A Massachusetts woman wasin jail for using text messages to encourage her friend, Conrad Roy, to commit suicide in 2014. A judge ruled Michelle Carter will not have to go to jail until all of her state appeals are exhausted and allowed her to go home with her family after she was sentenced. In June she was convicted of involuntary manslaughter in the death of Roy.
If her appeals are successful, Carter may never serve a day behind bars. Her sentencing left Roy's loved ones shell-shocked and at a loss for words. Asked if this case will ever be over for her, Conrad's mother Lynn Roy told "48 Hours" correspondent Erin Moriarty, "No. It never will be."
Lynn Roy's attorney confirmed his client has filed a $4.2 million wrongful death lawsuit against Carter for damages caused by Carter's "negligence and/or wanton and reckless conduct resulting in the death of Conrad H. Roy. III."
Roy's family was distraught as it became clear they would not see Carter hauled off to jail.
"We want to put it past us. We want to move on. Best way we can," Lynn said.
Carter was on the phone with Roy as he was dying of carbon monoxide poisoning inside his truck in July 2014.
She never called for help. When Roy apparently changed his mind and got out of his vehicle, she even told him to get back inside.
Roy suffered from depression and before he killed himself, Carter sent the 18-year-old dozens of texts pressuring him to commit suicide.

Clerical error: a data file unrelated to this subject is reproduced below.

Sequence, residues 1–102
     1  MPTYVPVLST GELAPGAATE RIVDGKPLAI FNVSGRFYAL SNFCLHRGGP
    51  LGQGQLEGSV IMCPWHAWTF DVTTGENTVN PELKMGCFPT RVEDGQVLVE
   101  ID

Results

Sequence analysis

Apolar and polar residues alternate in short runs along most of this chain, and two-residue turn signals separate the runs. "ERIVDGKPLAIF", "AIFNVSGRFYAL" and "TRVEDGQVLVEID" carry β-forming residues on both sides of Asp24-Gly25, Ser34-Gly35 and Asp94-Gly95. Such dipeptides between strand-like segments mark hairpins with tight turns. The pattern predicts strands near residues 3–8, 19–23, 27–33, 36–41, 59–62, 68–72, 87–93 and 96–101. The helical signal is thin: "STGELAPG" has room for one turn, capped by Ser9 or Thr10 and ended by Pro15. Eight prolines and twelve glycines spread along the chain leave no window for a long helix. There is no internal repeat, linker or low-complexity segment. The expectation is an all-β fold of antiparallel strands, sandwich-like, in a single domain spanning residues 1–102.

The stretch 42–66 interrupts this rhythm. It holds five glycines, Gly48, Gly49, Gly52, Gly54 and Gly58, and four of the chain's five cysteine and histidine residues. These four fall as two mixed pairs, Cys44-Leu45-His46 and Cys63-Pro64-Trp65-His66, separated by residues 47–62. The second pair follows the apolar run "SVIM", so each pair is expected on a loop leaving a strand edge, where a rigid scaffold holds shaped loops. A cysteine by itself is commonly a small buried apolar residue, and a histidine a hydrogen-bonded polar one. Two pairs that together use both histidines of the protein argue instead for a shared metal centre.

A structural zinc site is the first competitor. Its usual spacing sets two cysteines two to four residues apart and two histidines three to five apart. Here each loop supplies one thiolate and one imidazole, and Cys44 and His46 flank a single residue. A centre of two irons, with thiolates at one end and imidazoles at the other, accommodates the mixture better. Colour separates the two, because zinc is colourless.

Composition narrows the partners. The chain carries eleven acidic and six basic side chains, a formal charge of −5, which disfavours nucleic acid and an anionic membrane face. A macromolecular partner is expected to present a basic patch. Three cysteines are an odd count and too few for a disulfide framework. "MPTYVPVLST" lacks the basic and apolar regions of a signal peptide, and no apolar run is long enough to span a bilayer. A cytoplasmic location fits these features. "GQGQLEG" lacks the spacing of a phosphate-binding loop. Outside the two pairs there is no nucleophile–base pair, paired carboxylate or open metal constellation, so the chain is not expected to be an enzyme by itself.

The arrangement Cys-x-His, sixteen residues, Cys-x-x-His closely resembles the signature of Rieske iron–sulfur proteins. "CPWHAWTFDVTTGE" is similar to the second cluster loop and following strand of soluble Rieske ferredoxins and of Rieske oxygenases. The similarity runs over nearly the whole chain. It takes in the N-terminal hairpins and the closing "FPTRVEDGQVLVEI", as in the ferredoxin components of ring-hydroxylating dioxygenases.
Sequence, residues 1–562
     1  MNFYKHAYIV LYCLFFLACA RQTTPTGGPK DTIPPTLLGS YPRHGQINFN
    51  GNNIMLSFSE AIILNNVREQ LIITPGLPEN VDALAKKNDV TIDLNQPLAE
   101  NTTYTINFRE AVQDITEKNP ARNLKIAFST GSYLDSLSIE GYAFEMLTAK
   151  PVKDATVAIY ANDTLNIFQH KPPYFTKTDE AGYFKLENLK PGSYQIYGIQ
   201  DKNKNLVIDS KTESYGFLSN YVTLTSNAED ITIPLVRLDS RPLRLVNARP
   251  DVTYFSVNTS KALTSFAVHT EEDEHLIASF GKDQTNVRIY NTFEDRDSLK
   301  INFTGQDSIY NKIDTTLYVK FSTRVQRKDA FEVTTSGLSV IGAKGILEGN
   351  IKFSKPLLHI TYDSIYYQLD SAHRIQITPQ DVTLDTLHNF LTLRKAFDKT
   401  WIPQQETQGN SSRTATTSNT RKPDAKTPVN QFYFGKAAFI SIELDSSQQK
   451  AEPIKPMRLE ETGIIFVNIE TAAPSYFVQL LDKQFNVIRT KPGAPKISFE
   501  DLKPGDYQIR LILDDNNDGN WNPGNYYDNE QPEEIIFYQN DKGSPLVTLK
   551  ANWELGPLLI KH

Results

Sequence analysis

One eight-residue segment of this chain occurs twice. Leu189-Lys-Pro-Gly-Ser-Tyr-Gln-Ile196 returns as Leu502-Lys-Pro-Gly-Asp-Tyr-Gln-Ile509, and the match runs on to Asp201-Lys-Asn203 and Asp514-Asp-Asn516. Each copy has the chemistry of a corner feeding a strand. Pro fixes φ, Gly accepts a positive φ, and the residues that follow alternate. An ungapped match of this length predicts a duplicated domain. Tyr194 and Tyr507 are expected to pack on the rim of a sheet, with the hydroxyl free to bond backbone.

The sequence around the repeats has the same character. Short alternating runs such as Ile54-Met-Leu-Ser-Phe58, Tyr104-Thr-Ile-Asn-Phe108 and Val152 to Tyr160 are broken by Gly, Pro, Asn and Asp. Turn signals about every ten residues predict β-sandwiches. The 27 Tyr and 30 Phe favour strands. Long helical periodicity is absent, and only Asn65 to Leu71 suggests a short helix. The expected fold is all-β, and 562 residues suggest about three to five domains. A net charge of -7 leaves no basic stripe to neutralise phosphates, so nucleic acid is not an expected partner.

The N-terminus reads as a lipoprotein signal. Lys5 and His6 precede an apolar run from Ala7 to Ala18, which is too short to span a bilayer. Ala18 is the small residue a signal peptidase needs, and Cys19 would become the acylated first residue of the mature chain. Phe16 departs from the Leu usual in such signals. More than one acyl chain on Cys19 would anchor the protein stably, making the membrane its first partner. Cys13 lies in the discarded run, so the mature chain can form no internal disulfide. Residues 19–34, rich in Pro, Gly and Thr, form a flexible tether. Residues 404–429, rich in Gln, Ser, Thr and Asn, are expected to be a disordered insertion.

One read, "Hang yourself, jump off a building, stab yourself I don't know there's a lot of ways."
"Michelle Carter exposed my son's weaknesses and used him as a pawn. Where was her humanity?" said Roy's father.
Carter, who herself has struggled with anxiety and eating disorders, wept at times during the hearing.
"This is a tragedy for two families," said Judge Lawrence Moniz.
Moniz sentenced her to two and a half years in jail, but said Carter would only have to spend half of that – 15 months – behind bars. She also received five years' probation.
The judge noted Carter was three weeks shy of turning 18 at the time of Roy's suicide, still a child in the eyes of the law.
"The fact that they are still of that young age offers a greater promise of rehabilitation," Moniz said.
Moniz then put Carter's sentence on hold to allow her lawyers to file appeals.
"I don't think anybody would be prepared to go to jail for what they said. Words alone don't end up putting people in jail," said Joseph Cataldo, Carter's defense attorney.
Prosecutors, who asked for at least a seven-year prison sentence, said Carter needs to be held accountable.
Roy's mother told CBS News she hopes her son's death will lead to a new law, so that no other mother has to go through her pain.